The Art of Using
Spotted Towhee, Pipilo maculatus, distinguished from the Eastern Towhee, Pipilo erythrophthalmus,
by its field mark, the white spots on is back. Picture taken in southwestern Oregon
You might guess that sometimes using field marks for identification is easy, but other times it's hard. For example, if you live in southern California and see a hummingbird, you'll need to figure out whether you're seeing a Calliope, an Anna's, a Black-chinned, a Costa's, a Rufous, or an Allen's, because they're all present, but all those species zip around so fast that it can be hard to see important field marks. Florida is home to about 17 species of sparrow, most of which are small, brownish birds with thick beaks; Texas has about two dozen duck species, many of them quite similar, and; in Michigan, you can see about 36 species of warbler, many of which are very similar.
On a recent trip to Mexico I sketched the following look-alike wrens. Can you figure out the distinguishing characters? The top two are especially hard. Notice that the Plain Wren has a pale lower back area (referred to as the rump among birders) while the Bar-vented Wren's rump area is dark.
If you want to be a good birder, you should develop general notions of what the various groups of birds in your area look like. You should learn to tell at a glance whether what you have is a falcon or a hawk, a duck or a goose, a warbler or a vireo. Only when you master the groups should you tackle the species. Your field guide will help you learn these groups. The Robbins field guide, Birds of North America, for instance, begins the Sparrows section with a reminder that "Sparrows are small, brown-bodied birds with streaked backs and short conical beaks," and then information about food and other matters follows.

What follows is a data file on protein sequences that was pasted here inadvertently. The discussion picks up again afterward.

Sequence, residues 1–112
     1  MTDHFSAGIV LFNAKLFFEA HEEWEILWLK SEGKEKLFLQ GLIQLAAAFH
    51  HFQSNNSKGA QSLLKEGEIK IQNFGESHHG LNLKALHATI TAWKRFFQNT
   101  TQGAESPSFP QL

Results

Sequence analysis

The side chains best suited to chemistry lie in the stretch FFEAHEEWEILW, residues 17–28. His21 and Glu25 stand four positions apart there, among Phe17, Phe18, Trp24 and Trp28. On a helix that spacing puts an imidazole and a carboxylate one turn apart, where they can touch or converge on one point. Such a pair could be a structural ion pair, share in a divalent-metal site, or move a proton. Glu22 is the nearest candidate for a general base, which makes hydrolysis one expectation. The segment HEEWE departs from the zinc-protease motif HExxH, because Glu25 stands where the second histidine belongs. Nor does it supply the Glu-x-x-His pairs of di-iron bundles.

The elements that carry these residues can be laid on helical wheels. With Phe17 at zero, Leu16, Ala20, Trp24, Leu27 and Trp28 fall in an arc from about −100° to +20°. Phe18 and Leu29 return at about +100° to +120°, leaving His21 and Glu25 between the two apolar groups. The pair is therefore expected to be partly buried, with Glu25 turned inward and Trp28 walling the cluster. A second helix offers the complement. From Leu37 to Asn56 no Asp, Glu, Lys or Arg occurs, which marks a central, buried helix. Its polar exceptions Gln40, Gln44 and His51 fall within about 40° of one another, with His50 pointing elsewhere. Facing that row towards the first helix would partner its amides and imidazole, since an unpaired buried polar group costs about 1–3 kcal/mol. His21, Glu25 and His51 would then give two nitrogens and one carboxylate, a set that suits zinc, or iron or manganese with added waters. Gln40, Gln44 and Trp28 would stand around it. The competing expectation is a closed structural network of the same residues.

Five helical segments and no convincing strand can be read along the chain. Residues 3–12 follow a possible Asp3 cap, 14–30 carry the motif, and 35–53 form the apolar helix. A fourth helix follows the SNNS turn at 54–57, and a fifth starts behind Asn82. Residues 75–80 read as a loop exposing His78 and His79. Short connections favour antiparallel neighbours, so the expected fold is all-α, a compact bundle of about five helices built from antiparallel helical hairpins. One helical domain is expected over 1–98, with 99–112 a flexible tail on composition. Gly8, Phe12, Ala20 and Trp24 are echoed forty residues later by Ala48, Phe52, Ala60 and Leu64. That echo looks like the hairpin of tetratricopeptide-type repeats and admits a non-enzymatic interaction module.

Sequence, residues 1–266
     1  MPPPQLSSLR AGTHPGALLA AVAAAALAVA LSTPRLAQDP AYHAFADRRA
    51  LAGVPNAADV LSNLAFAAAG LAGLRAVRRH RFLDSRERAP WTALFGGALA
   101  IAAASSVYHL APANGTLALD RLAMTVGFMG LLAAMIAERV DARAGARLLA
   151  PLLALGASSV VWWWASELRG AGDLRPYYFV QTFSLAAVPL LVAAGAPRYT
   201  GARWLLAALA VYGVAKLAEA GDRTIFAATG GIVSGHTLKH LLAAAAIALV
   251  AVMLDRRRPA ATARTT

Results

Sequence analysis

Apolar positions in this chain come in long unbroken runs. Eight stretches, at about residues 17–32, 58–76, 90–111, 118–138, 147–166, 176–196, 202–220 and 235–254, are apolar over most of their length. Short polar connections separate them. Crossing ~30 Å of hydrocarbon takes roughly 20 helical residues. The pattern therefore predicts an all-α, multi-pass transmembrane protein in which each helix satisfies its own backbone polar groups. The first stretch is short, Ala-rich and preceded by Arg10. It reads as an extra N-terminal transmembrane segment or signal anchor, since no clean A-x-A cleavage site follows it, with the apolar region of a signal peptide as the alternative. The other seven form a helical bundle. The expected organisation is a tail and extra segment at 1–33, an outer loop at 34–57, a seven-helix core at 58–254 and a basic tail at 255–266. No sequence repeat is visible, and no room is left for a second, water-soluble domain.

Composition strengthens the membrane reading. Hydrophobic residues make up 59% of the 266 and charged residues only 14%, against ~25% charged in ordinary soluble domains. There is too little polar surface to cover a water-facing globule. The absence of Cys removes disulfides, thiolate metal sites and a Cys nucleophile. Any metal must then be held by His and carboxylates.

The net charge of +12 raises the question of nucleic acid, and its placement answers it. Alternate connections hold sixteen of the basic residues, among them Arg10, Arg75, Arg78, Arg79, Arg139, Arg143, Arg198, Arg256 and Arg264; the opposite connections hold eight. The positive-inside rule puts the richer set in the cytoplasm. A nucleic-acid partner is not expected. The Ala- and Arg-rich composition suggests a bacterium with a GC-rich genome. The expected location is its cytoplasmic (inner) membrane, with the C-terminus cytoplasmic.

When you're learning to distinguish bird groups, you must pay attention to gross anatomical and behavioral features. For example, one of the first birding groups most of us learn to identify is that of the woodpeckers. We know a bird is a woodpecker when we see that it has these three features::
Once you know your area's common groups of birds, then you must notice more subtle field marks. Does the thrush have a rusty rump (Hermit Thrush), or a rusty back and crown (Wood Thrush)? Is the cuckoo's beak yellowish (Yellow-billed Cuckoo) or black (Black-billed Cuckoo)?
Actually it's rare that just one field mark distinguishes a species from all others. Typically you must learn clusters of fieldmarks. For example, when identifying swallows you should focus first on how deeply the tail is notched, and whether the throat area is banded, dingy, reddish brown, or pure white. Let's say your swallow has a reddish-brown throat. North America is home to seven swallow species, but only two possess reddish brown throats. Of these two, the Barn Swallow's tail is very deeply forked, while the Cliff Swallow's tail is hardly forked at all.
Field guides always point out each species' most important field marks. For example, in Robbins's Birds of North America, the Orchard Oriole is described as " ...the only oriole east of the Mississippi River with a solid black tail." Therefore, if you live east of the Mississippi, just remember that a black tail, if you have an oriole, signifies the Orchard Oriole .